•Right to Inspect and Copy – You have the right to inspect or obtain a copy (or both) of PHI in our mental health and billing records used to make decisions about you for as long as the PHI is maintained in the record and Psychotherapy Notes.  On your request, we will discuss with you the details of the request for access process.   Please note that we have 30 days to respond to your request and we may charge a reasonable fee for the cost of copying, mailing, and supplies.

•Right to Amend – You have the right to request an amendment of PHI for as long as the PHI is maintained in the record. We may deny your request.  On your request, we will discuss with you the details of the amendment process. We will make a decision on your request within 60 days or in some cases within 90 days.

•Right to an Accounting – You generally have the right to receive an accounting of disclosures of PHI.  On your request, we will discuss with you the details of the accounting process.

•Right to a Paper Copy – You have the right to obtain a paper copy of the notice from us upon request, even if you have agreed to receive the notice electronically.

•Right to Restrict Disclosures When You Have Paid for Your Care Out-of-Pocket - You have the right to restrict certain disclosures of PHI to a health plan when you pay out-of-pocket in full for my services.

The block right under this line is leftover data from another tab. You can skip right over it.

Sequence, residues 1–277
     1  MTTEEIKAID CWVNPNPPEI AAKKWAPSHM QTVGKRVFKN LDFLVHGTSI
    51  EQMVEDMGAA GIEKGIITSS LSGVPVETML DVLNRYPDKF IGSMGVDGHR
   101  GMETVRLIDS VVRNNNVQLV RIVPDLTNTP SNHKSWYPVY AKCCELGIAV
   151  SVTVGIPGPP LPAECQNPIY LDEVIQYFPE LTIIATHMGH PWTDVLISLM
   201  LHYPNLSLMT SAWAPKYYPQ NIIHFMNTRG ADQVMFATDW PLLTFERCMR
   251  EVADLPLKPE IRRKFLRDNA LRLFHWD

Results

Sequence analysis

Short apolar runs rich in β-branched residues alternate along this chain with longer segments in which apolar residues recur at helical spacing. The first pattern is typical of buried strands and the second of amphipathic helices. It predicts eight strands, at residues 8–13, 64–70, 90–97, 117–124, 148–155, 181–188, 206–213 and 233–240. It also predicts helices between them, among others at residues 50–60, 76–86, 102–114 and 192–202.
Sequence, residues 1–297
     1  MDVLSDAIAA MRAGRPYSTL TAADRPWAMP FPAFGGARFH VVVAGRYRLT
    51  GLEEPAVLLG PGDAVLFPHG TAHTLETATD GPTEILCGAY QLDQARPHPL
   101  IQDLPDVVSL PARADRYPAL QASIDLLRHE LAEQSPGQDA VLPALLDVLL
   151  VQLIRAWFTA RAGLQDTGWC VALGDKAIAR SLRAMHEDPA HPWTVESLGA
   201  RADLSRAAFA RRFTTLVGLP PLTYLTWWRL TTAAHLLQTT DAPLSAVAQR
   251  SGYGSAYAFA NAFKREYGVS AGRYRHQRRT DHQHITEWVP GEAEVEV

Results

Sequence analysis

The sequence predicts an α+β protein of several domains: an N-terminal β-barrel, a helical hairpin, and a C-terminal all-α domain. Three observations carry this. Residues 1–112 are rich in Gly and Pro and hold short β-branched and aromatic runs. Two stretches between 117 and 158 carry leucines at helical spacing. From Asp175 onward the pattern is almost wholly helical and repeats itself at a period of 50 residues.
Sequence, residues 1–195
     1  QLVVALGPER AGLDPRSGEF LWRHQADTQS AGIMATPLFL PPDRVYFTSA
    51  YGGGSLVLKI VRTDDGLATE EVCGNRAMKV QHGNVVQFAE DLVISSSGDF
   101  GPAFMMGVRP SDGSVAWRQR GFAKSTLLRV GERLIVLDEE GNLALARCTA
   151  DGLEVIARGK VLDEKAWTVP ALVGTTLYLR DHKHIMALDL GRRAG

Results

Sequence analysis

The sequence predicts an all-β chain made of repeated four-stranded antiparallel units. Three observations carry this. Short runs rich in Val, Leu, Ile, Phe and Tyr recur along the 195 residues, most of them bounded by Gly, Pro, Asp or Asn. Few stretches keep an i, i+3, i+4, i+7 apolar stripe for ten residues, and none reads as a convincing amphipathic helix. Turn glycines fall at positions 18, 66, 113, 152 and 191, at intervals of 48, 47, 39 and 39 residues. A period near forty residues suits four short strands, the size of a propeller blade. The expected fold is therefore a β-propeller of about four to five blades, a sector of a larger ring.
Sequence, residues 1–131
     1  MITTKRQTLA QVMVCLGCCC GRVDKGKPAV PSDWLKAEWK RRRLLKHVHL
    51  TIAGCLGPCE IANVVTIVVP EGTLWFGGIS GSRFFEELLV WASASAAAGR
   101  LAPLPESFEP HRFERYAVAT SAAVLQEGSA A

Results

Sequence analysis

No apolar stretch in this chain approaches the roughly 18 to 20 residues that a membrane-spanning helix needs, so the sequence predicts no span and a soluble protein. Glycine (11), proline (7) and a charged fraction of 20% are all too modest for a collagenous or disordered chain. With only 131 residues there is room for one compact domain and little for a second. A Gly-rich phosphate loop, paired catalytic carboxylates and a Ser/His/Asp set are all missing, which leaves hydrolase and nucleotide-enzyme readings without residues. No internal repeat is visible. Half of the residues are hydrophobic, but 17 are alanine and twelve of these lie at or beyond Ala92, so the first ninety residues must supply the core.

•Right to Be Notified if There is a Breach of Your Unsecured PHI - You have a right to be notified if: (a) there is a breach (a use or disclosure of your PHI in violation of the HIPAA Privacy Rule) involving your PHI; (b) that PHI has not been encrypted to government standards; and (c) my risk assessment fails to determine that there is a low probability that your PHI has been compromised.

Psychologist’s Duties:

•We are required by law to maintain the privacy of PHI and to provide you with a notice of our legal duties and privacy practices with respect to PHI.

•We reserve the right to change the privacy policies and practices described in this notice.  Unless we notify you of such changes, however, we are required to abide by the terms currently in effect. 

•If we revise our policies and procedures, we will offer a paper copy of the revised notice.

V. Breach Notification

A “breach” is defined as the acquisition, access, use or disclosure of PHI in violation of the HIPAA Privacy Rule. Examples of a breach include: stolen or improperly accessed PHI; PHI inadvertently sent tothe wrong provider; and unauthorized viewing of PHI by an employee in your practice. PHI is “unsecured” if it is not encrypted to government standards.